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E-Book Review: Down And Out In The Magic Kingdom By Cory Doctorow

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Science fiction used to be filled with predictions of a future filled with flying cars and lives spent living among the stars. Since many of these predictions have failed to come true with the passing of the years, writers seem to have become more interested in suggesting ways in which technology will impact on our day-to-day existence or postulating alternate realities. While some writers still turn their eyes towards the stars, a great many have kept their eyes firmly affixed upon our planet and the human condition and society.

In the two books that I’ve recently read by Cory Doctorow, Someone Comes To Town, Someone Leaves Town and Little Brother, he has done a wonderful job of depicting our current world and the way in which technology impacts upon it. In both instances the technology depicted in the stories is nothing different than what’s available to you and me currently – although he does demonstrate some rather creative ways of putting that technology to work in both instances. However, that wasn’t the case in an earlier novel, Down And Out In The Magic Kingdom, as he gives a glimpse into one possible future. (As with all Cory’s novels Down And Out is available as a free download.)

Death and money have become things of the past in The Bitchun Society, as have the workplace and work. Instead of individuals accumulating personal wealth in order to obtain status and privileges they amass Whuffie, a complicated scheme that reflects the amount of esteem you are held in by society at large based on what you are doing with your life. Technically you could sit on your ass and watch television all day and drink yourself into a stupor, but because you won’t be earning any Whuffie with that type of behaviour you’d soon find yourself hitting the skids as your apartment is reassigned to someone held in a little more esteem.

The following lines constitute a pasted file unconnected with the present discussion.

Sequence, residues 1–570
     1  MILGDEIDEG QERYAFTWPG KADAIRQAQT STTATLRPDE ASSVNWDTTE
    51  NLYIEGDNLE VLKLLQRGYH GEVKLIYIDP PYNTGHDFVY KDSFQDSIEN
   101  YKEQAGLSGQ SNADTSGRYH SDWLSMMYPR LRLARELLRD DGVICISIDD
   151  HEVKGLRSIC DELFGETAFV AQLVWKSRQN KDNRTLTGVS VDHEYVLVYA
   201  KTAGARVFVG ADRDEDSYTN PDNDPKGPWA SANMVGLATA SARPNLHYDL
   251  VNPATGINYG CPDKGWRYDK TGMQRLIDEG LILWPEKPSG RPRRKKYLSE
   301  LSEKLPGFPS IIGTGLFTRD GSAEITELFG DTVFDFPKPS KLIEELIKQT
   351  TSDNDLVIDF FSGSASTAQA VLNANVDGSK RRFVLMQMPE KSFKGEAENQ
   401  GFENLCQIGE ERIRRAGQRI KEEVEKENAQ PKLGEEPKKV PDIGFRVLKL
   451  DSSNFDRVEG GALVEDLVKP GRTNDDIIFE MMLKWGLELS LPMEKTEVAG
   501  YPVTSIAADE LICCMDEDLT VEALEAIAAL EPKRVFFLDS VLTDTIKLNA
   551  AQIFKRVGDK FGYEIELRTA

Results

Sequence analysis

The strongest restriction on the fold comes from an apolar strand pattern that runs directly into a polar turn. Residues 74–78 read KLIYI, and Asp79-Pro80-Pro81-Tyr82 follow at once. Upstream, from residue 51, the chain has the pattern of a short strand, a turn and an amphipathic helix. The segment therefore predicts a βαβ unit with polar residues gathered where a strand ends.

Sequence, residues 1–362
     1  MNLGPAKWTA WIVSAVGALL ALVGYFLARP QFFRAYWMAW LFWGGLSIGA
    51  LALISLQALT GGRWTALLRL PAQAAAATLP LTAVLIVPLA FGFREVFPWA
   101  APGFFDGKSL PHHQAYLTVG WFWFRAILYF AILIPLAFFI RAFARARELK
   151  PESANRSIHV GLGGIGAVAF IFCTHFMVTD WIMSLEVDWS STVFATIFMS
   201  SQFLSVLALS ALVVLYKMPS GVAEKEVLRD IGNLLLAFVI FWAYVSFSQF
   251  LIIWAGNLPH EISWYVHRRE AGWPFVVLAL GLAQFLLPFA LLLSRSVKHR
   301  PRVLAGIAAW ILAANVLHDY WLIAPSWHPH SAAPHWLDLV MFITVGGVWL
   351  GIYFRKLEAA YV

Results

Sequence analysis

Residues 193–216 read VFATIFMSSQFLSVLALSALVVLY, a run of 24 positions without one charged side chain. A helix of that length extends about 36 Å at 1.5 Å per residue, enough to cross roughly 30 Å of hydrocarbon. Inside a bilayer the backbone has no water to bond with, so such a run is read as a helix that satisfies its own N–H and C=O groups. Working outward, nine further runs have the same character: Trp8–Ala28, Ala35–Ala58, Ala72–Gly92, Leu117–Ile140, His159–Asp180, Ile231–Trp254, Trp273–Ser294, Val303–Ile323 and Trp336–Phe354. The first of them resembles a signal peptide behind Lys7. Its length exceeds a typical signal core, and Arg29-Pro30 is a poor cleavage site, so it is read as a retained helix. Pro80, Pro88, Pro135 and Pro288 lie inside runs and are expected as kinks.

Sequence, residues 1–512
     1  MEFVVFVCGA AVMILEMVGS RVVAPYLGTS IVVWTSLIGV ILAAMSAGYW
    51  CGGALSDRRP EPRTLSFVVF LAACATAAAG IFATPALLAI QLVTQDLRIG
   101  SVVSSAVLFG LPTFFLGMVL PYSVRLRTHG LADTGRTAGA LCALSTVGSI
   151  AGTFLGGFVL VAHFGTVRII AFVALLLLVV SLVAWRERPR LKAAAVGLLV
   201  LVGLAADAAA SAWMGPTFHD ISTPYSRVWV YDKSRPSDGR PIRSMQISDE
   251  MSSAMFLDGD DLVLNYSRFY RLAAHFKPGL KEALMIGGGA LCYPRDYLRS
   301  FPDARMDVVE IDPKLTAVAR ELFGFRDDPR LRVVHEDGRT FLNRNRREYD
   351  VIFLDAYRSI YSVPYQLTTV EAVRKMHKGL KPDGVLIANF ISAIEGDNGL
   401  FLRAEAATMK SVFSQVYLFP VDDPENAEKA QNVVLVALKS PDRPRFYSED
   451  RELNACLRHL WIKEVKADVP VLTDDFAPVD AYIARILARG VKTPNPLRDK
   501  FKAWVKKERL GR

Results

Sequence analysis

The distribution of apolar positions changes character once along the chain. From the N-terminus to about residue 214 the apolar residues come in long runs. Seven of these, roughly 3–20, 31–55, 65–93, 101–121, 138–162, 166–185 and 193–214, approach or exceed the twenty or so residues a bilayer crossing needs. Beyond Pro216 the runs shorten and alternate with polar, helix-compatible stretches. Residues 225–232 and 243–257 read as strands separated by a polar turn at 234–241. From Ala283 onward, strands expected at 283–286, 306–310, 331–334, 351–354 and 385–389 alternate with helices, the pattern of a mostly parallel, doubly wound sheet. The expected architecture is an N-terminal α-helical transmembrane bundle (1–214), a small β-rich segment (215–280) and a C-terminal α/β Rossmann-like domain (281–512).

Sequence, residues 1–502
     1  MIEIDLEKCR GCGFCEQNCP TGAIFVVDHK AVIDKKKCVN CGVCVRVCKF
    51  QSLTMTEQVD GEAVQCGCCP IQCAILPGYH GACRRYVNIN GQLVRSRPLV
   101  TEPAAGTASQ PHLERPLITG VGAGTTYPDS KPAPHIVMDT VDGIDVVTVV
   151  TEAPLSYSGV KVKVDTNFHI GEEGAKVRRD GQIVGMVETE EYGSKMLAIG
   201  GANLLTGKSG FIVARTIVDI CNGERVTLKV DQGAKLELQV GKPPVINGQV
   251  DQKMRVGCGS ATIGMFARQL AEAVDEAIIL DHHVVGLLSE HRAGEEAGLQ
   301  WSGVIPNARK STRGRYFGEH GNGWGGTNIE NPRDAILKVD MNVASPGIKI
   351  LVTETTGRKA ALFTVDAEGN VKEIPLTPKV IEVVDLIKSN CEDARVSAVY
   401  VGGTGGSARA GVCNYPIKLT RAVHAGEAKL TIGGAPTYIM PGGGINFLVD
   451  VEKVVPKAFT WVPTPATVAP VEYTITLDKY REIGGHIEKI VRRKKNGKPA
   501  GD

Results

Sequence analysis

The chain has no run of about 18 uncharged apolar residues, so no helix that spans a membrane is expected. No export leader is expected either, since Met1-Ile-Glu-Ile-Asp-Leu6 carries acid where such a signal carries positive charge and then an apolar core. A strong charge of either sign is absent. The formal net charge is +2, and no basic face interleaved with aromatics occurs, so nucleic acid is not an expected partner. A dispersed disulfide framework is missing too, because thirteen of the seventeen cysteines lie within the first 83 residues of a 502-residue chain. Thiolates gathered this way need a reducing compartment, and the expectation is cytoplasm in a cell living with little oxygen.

Cory Doctorow.jpg But don’t worry, all is not lost, if things are really bad you can always revert to a back-up and wipe out everything that has happened between when you last saved your experiences and the present. Your old memories are simply downloaded into a clone and you pick up your life at that point in time and star over again. Of course if things are just too much, and you can’t find anything that interests you anymore, there’s always the option of deadheading for an extended period of time.

Most people use deadheading as a means of avoiding the tedium of travel – spending the four hours of plane travel in suspended animation instead of staring out the window in boredom – but it can also be used to put yourself to sleep for as long as you want. Having run out of things to do you might decide to deadhead until in the hopes things have changed when you come to. Of course if you ever get to the point where you feel as if you’ve seen enough you can always decide it’s you last day on earth and take the lethal injection that puts you to rest.

Jules has had a moderately successful two or three lives so far; he has composed a couple of symphonies and written three symphonies, but when he meets up with Dan he’s pissing away his accumulated Whuffie. Dan on the other hand has amassed stupendous amounts of Whuffie serving as a missionary to those pockets of humanity who have resisted joining the Bitchun Society. However he’s beginning to think that it will be time for him to check out soon – he’s seen more and done more than probably most people on earth have and from now on he figures it can only be boring and redundant. When they go their separate ways Dan is off to see if there’s anything left to do on earth, and Jules to start over again in his favourite place on earth – Disney World.

It’s in Disney World where Doctorow really brings the Bitchun Society into tight focus and we begin to see the flaws in this version of utopia. Disney World has been carved up into little fiefdoms with each area being controlled by the group of people, or ad hoc, who have been able to establish the most Whuffie for making the area exciting and popular. Jules and his new girl friend Lil, who was born and raised in Disney World, belong to the ad-hoc controlling Liberty Square; home to the Hall of Presidents, The Haunted Mansion, and the Liberty Belle riverboat. Not only are the members of an ad hoc responsible for the technical aspects of the rides, but they also are the live staff for the attractions and as such have developed the personalities of Disney employees.